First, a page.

Mónica Gil, who serves as the senior vice president, public affairs and government relations at Nielsen, described the “modern Latina” as ‘ambicultural’ – a woman who holds the ability to “seamlessly transcend between English and Spanish-language – two cultures – giving her a unique position in our consumer landscape.”
Gil went on to say that Latinas are a “key driver” of economic influence, which in turn gives marketers an opportunity to establish new consumer relationships by recognizing the needs and behavior trends of the group.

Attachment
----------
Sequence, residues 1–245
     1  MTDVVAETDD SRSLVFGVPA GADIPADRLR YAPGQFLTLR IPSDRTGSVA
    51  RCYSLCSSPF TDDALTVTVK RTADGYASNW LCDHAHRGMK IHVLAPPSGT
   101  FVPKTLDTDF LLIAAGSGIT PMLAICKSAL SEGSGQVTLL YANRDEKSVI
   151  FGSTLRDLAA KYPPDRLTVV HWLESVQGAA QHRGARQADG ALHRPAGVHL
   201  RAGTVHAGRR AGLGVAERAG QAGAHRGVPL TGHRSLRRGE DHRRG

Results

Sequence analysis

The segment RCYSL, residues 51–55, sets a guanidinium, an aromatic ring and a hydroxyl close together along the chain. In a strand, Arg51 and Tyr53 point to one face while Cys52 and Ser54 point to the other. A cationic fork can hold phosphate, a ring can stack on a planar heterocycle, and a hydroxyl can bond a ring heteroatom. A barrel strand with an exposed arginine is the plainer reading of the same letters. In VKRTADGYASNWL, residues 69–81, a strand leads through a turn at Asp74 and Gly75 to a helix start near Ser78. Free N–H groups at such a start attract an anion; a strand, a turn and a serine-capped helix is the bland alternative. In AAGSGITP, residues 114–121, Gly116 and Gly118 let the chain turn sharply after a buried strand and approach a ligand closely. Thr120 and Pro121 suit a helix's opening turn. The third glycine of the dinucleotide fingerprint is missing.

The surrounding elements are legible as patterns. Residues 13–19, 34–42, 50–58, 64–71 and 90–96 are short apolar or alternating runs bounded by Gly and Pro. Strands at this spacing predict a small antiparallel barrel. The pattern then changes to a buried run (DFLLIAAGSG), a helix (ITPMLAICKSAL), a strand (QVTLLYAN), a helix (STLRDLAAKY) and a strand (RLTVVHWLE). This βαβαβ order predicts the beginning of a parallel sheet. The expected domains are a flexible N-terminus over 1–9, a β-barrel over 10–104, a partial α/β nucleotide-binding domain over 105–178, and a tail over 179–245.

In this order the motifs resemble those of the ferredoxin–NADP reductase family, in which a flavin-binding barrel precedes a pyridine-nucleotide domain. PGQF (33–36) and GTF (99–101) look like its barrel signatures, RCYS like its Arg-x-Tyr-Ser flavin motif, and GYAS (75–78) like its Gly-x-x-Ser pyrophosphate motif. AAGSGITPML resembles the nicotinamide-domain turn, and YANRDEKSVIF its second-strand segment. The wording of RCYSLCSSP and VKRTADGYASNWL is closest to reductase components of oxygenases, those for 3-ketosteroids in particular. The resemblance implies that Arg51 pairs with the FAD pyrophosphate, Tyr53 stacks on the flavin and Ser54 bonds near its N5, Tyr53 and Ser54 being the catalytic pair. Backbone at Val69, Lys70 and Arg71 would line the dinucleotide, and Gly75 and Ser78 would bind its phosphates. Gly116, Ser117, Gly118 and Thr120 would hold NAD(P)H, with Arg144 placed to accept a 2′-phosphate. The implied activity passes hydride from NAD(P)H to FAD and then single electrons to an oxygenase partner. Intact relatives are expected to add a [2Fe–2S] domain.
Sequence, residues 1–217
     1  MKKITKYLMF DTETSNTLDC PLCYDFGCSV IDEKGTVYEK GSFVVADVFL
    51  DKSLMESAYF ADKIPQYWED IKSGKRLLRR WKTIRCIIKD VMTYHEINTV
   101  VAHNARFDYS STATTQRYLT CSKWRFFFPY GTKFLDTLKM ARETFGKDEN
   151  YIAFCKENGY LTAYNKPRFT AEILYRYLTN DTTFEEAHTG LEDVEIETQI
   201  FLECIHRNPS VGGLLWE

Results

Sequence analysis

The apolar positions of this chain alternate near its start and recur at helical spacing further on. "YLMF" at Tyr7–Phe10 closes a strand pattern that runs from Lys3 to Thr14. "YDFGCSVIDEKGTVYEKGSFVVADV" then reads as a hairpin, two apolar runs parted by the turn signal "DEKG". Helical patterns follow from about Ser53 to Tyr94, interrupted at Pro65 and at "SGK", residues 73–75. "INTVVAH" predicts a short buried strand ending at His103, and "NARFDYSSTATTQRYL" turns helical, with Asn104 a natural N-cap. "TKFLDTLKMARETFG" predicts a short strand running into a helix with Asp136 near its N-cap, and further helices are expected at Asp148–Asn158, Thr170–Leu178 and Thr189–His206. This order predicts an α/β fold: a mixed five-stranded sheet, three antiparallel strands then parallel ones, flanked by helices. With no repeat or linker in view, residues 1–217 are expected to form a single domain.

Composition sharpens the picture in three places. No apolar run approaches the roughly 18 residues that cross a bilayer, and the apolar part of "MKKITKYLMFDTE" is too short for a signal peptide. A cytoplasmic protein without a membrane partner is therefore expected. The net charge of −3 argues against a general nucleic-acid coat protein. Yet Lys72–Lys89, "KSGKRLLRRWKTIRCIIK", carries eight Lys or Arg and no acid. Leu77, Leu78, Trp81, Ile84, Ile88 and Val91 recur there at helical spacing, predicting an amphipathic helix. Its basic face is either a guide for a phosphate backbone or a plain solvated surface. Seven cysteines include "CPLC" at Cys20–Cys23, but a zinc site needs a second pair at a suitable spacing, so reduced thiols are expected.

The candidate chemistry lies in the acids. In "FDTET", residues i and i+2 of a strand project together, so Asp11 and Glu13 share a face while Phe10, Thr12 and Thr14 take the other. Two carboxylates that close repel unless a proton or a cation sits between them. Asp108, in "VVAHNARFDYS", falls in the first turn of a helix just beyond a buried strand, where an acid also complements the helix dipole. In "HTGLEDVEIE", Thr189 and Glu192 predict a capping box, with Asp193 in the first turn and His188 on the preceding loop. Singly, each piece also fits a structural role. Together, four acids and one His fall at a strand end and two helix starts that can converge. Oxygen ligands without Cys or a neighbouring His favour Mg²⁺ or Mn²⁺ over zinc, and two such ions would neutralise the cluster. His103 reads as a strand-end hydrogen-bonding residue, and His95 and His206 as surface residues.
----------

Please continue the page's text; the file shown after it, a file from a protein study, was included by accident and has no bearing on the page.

Felipe Korzenny, Ph.D, who is an expert in Hispanic marketing and director of the Center for Hispanic Marketing Communication at Florida State University, said U.S. Latinas can do more on their own than ever before, which includes getting more education, making more money and deciding what to do with the money.
“This is true of all women, but Hispanic women in particular,” he said. He hinted that this trend is very important because Latinas from the U.S. and their consumer behavior will become a larger part of the mainstream market.”